Google's set up a number of dope little ways to help ease your day similar to Eclipse. One of the latest is their Recorder app, which as released with the Pixel 4. This was a big deal for me as an interviewer, especially with the online storage options you get with Google Drive. Your conversation is being transcribed live, which is a huge deal for people who can't afford to pay for transcription. Their live transcription capabilities are also available in a new option called Live Caption fo Calls, which works across phone and video messaging apps like Facebook Messenger and Google Duo. Google's "Now Playing" is also available for the Pixel 4a. This handy option will allow your Pixel to pick up on music playing around you, giving you artist and song title information right on your screen as songs as recognized. It's like Shazam, but always-on.
For those looking hard at the specs on the Pixel 4a, you'll notice that the camera is definitely not as intense as the Pixel 4's camera. They both have a 12.2 MP dual-pixel rear camera, but the Pixel 4a does not have the 16 MP telephoto camera lens. Both phones also share an 8 MP wide-angle front camera, but again, the Pixel 4a lost the additional lenses that powered the Pixel 4's front camera. All of that said, Google's camera game is top-notch; some prefer it to the iPhone's camera (which is far from being a slouch). (It's me; I am some.) The Pixel's Night Sight option helps light up scenes that are in a lowlight, capturing things you'd never seen before. For those who want to enhance the beauty of a particular frame, the Live HDR+ options are really intense. The Portrait Mode and Portrait Blur effects help bring subjects to prominence in shots, and having Google Lens baked into the phone's camera allows me to figure out where I can cop a pair of kicks that randomly show up in a shot.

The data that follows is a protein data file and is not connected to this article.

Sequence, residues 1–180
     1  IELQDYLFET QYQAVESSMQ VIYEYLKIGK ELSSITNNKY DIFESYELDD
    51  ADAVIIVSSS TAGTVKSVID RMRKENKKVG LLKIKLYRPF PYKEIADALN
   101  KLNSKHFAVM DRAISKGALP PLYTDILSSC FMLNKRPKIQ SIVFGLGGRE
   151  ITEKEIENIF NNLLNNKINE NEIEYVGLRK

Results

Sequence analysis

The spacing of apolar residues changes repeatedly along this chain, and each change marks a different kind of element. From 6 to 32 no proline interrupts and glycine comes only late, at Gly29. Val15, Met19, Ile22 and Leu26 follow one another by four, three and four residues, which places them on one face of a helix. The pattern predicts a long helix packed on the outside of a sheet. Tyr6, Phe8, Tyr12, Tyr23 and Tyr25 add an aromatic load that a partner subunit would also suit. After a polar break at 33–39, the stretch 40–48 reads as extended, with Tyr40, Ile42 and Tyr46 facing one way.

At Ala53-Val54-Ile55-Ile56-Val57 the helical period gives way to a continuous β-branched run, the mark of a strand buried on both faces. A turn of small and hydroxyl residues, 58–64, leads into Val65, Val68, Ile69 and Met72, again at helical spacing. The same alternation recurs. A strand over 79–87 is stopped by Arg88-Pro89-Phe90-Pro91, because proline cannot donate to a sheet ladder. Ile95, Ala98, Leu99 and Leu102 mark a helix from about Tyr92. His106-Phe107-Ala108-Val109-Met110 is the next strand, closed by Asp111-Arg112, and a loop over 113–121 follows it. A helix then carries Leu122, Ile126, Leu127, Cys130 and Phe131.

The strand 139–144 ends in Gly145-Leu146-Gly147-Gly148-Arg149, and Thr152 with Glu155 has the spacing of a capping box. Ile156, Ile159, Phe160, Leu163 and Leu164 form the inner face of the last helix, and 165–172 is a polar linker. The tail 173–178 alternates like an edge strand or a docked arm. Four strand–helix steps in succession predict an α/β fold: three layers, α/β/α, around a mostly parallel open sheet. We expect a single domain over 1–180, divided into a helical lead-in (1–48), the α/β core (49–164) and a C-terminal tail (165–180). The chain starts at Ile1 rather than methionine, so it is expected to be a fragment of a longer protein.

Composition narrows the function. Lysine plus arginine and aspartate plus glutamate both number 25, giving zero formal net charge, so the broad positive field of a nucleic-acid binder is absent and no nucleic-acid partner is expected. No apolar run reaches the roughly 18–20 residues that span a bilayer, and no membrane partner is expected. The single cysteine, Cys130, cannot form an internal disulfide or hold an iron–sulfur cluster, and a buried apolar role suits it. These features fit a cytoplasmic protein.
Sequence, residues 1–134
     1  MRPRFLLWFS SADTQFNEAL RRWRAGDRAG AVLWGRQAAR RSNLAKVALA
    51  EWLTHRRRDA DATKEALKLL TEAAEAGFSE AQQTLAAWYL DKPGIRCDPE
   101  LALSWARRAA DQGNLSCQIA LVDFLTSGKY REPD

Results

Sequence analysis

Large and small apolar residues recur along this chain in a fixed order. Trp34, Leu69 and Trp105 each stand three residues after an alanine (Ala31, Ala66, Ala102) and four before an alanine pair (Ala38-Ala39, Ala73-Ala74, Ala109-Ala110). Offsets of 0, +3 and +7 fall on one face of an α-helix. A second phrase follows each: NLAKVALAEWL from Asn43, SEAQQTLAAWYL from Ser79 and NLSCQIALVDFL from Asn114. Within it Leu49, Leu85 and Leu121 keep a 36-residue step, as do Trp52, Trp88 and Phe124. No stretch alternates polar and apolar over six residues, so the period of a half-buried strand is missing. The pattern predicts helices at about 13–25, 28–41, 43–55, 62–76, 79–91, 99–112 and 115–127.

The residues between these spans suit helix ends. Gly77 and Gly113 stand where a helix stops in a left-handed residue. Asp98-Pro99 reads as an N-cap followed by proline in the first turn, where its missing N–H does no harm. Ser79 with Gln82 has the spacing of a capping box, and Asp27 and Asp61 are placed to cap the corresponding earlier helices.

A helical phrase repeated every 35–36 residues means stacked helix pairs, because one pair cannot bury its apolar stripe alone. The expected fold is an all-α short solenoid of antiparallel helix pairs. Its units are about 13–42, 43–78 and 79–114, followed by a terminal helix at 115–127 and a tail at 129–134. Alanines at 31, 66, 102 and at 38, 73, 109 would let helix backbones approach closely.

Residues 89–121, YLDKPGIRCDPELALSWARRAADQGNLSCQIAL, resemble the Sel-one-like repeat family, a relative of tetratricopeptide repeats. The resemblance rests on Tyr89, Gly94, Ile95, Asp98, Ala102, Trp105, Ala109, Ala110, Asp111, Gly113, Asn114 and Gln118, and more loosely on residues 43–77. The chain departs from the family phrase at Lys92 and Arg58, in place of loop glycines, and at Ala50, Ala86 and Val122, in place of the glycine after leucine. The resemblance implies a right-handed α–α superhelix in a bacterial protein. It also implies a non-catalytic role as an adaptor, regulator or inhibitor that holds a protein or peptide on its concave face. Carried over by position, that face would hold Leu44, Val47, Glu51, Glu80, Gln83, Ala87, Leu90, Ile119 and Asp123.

Honestly, the Pixel 4a's Qualcomm Snapdragon 730G processor than the Snapdragon 855 in the Pixel 4, but it's running the latest versions of Android 10, and is strong enough to deliver all of the performance you need. Everything the Pixel 4 and the 4XL can do, the Pixel 4a can do...kind of. And even then, I work better without these bells and whistles.
For one, the Pixel 4a having a tuned-down front camera meant that facial recognition was a no-go. That said, the Pixel 3's fingerprint tech was preferable to me, so I welcomed its return. Also, it's a noticeably smaller phone, but I will keep it a buck: going from the Pixel 4XL's whopping 6.3" display to the Pixel 4a's 5.8" display sounds like a small bump, but the 4a fits so much easier in the pockets than what feels like a behemoth in the Pixel 4a. It also doesn't have wireless charging, which is a bit disappointing—wireless charging was everything with the Pixel 3 and Pixel 4 family of phones, but the Pixel 4a still uses Fast Charging (with Pixel cords), so even if you can't charge while it's on a stand, that quick power boost is still bomb. If that's an issue for some buyers, that's understood, but in the grand scheme of things, the performance factor with the Pixel 4a is more than worth it.
Smartphone ownership is a very personal experience. The device becomes one with the user. Apple's iPhone has defined the smartphone usage of millions, but the Android is always around. It's a simple experience to replicate and reskin a number of ways, but the Android in its purest form is housed in the Pixel 4a. If you're just wanting to get shit done, Google's Pixel 4a is just the phone, especially for the price point. Hell, you might get hooked and want to check for Google's next flagship phone, the Pixel 5, which is said to be hitting later this year.
For more information on the Google Pixel 4a, head over to Google's blog.